Von der Leyen pushes for coordinated EU defence spending

Ursula von der Leyen, President of the European Commission, is pictured during a press conference after a board meeting of the Christian Democratic Union (CDU) in Berlin, Germ
Ursula von der Leyen, President of the European Commission, is pictured during a press conference after a board meeting of the Christian Democratic Union (CDU) in Berlin, Germ Copyright AP
Copyright AP
By Vincenzo Genovese
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European Commission President Ursula von der Leyen will soon put forward a common strategy for the EU's defence industry, designed to strengthen military production and arms supply.


Von der Leyen, who has just announced her intention to run for a second term, reiterated in an interview with Euronews her desire for more coordination when it comes to military spending by EU states.

"We have to spend more, we have to spend better, and I think we have to spend in a more 'European' way to consolidate our defence industrial base," she said.

The European Union takes up arms

Since the invasion of Ukraine, EU member states have considerably increased their military spending. From a total of €240 billion in 2022, it has increased to €280 billion in 2023 and will rise to €350 billion in 2024, Von der Leyen told Euronews.

According to the latest NATO data, Poland, Greece, Estonia, Lithuania and Finland are currently the European states with the highest military expenditure in relation to their gross domestic product: Warsaw's is up to 3.9 per cent, higher proportionally than even the United States.

But as Von der Leyen explains, more cooperation between the member states is needed, and the first step will be a European defence industry strategy, which the Commission will present soon.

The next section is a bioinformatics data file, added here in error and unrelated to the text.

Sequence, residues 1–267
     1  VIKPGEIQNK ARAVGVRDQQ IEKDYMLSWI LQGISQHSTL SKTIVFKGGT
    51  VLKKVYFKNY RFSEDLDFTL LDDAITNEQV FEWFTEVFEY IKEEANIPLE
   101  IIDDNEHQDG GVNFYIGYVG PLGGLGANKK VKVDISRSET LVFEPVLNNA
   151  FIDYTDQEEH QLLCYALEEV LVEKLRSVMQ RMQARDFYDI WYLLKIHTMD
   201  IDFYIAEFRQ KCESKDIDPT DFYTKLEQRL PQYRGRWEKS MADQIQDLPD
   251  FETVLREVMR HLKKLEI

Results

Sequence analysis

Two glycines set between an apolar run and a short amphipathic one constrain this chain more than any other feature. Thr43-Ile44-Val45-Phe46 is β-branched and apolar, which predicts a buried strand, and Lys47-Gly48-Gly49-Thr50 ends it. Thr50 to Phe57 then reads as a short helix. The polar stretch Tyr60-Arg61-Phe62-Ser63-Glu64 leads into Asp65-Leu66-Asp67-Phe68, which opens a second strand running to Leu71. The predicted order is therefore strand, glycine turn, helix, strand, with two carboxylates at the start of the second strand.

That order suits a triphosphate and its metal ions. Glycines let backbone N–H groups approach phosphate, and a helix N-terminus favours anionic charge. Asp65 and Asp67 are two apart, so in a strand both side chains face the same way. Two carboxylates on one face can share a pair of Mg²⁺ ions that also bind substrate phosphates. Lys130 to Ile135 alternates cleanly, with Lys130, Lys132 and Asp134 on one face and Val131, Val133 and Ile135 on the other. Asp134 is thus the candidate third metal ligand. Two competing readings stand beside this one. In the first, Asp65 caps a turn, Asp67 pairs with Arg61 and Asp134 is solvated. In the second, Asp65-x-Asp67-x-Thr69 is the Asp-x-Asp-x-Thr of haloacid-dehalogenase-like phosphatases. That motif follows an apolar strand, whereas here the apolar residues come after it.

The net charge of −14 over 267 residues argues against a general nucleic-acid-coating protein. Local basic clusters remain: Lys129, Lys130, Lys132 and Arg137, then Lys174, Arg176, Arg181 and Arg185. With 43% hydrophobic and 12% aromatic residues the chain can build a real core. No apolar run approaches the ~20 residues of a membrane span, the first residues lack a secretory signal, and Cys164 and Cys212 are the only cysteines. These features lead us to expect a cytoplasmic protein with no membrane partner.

Common strategy

The details of the plan are still unclear, but among the possible solutions are a joint arms procurement programme, similar to the one designed for Covid-19 vaccines, and even the issuance of common European debt to finance military expenditure.

Both would be major innovations, but it will not be easy to get member states to agree to them, explains Dylan Macchiarini Crosson, a researcher at the Centre for European Policy Studies, a Brussels-based think tank, to Euronews.

"At the moment there is no agreement between the EU member states, for example on the joint procurement of military equipment from third countries or private companies, carried out by the EU on behalf of the states," he said. "Even Eurobonds for defence are more of a hypothesis, without any concrete political agreement."

Some governments would like to include precise clauses in the plan. France, for example, insists that military investments should be directed to European companies, rather than buying military systems from other countries, as many EU armies do. 

Greece and Cyprus, on the other hand, would like to expressly exclude purchases from the Turkish military industry.

A cornerstone of the strategy is the establishment of a European Defence Commissioner, responsible for coordinating defence policies and supporting the military industry.

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